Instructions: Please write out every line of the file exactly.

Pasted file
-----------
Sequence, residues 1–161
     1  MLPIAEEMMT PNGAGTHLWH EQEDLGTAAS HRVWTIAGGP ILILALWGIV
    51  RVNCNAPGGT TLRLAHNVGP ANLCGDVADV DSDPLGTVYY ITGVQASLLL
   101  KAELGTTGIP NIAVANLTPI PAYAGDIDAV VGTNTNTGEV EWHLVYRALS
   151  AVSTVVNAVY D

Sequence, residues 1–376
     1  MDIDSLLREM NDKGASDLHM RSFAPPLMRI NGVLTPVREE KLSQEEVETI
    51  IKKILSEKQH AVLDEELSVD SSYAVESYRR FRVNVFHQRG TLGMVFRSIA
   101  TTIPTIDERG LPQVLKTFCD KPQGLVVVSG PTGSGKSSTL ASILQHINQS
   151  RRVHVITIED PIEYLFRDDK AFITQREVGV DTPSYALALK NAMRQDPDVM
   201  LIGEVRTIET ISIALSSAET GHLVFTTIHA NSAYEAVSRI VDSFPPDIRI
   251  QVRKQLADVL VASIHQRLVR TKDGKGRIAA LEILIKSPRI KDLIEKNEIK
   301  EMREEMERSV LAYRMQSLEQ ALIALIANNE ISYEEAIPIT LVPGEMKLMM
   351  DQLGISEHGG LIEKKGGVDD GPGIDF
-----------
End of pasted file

Sequence, residues 1–161
     1  MLPIAEEMMT PNGAGTHLWH EQEDLGTAAS HRVWTIAGGP ILILALWGIV
    51  RVNCNAPGGT TLRLAHNVGP ANLCGDVADV DSDPLGTVYY ITGVQASLLL
   101  KAELGTTGIP NIAVANLTPI PAYAGDIDAV VGTNTNTGEV EWHLVYRALS
   151  AVSTVVNAVY D

Sequence, residues 1–376
     1  MDIDSLLREM NDKGASDLHM RSFAPPLMRI NGVLTPVREE KLSQEEVETI
    51  IKKILSEKQH AVLDEELSVD SSYAVESYRR FRVNVFHQRG TLGMVFRSIA
   101  TTIPTIDERG LPQVLKTFCD KPQGLVVVSG PTGSGKSSTL ASILQHINQS
   151  RRVHVITIED PIEYLFRDDK AFITQREVGV DTPSYALALK NAMRQDPDVM
   201  LIGEVRTIET ISIALSSAET GHLVFTTIHA NSAYEAVSRI VDSFPPDIRI
   251  QVRKQLADVL VASIHQRLVR TKDGKGRIAA LEILIKSPRI KDLIEKNEIK
   301  EMREEMERSV LAYRMQSLEQ ALIALIANNE ISYEEAIPIT LVPGEMKLMM
   351  DQLGISEHGG LIEKKGGVDD GPGIDF